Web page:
It is striking how the earliest Christians, like mainstream rabbis of the period, clung to the twin doctrines of creation and judgment: God made the world and made it good, and one day he will come and sort it all out. Take away the goodness of creation, and you have a judgment where the world is thrown away as so much garbage, leaving us sitting on a disembodied cloud playing disembodied harps. Take away judgment, and you have this world rumbling on with no hope except the pantheist one of endless cycles of being and history. Put creation and judgment together, and you get new heavens and new earth, created not ex nihilo but ex vetere, not out of nothing but out of the old one, the existing one.

    And the model for that is of course the resurrection of Jesus, who didn’t leave his body behind in the tomb and grow a new one but whose body, dead and buried, was raised to life three days later and recognized by the marks left by the nails and the spear. There is a whole world of eschatological understanding in the resurrection narratives, not least John’s insistence that Easter day is the first day of the week; John, so rooted in creational theology, knows exactly what he is doing. Easter is the beginning of God’s new creation. We don’t have to wait. It has already burst in. And the whole point of John 20 and 21 is that we who believe in Jesus are to become, in the power of his spirit, not only beneficiaries of that new creation but also agents.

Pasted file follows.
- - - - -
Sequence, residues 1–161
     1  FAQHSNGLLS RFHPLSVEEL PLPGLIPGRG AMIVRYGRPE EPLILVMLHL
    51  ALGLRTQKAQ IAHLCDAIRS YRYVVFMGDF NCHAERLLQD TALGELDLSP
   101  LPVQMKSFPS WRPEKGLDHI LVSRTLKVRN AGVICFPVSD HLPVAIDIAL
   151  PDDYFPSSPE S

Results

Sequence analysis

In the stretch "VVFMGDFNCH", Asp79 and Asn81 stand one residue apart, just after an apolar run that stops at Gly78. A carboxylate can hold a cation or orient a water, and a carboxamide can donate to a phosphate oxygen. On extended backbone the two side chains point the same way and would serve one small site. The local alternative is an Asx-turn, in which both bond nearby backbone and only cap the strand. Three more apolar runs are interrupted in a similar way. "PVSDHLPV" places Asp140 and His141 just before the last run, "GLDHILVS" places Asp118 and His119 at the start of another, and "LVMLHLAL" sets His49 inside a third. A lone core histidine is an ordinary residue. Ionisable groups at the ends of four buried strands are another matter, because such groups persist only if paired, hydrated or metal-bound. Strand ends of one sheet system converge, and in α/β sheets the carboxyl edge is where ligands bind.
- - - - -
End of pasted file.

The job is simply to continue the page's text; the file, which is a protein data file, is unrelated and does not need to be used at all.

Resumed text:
I end with an extraordinary verse, 1 Corinthians 15:58: “So, my dear family, be firmly unshakable, always full to overflowing with the Lord’s work. In the Lord, as you know, the work you’re doing will not be worthless.” Now what is that exhortation doing at the end of a chapter on resurrection? If we were to take the normal Western view of life after death, a long chapter on resurrection might end with something like this: “Therefore, my beloved, lift up your head and wait for the wonderful hope that is coming to you eventually.” But for Paul, as is clear throughout 1 Corinthians, the resurrection means that what you do in the present matters into God’s future. That is so for ethics, not least sexual ethics, as in 1 Corinthians 6. But it is also so for everything else. The resurrection, God’s recreation of his wonderful world, which began with the resurrection of Jesus and continues mysteriously as God’s people live in the risen Christ and in the power of his spirit, means that what we do in Christ and by the Spirit in the present is not wasted. It will last and be enhanced in God’s new world.